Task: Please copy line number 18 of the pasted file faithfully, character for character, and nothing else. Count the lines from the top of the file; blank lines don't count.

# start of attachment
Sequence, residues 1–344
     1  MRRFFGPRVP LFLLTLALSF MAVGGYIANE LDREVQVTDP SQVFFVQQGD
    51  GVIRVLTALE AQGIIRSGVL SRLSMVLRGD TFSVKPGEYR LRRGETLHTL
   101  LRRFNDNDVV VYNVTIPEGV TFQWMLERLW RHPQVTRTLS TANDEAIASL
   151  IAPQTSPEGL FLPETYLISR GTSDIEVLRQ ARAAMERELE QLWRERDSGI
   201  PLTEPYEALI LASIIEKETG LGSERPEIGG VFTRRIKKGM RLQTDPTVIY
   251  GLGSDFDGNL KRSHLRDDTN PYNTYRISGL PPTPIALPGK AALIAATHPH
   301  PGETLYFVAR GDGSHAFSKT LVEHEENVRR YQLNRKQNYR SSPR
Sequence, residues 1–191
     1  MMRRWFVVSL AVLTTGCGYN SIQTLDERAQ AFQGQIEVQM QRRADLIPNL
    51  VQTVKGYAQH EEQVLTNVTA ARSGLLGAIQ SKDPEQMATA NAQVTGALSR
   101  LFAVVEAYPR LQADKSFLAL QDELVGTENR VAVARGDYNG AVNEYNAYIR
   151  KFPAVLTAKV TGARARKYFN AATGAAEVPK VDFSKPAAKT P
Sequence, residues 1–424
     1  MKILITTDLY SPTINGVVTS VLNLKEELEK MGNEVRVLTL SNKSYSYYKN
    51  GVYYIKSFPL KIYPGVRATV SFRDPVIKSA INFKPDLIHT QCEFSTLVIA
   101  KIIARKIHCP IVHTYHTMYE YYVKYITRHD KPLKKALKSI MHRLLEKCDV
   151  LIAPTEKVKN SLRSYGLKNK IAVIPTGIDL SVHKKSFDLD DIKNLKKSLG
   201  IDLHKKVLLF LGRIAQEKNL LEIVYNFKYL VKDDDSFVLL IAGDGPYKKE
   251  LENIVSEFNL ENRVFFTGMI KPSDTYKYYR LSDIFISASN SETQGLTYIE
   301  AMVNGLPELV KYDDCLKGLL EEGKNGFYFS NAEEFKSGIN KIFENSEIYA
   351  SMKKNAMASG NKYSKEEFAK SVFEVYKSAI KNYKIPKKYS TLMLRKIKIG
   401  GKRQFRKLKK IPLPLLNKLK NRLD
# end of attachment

   151  LIAPTEKVKN SLRSYGLKNK IAVIPTGIDL SVHKKSFDLD DIKNLKKSLG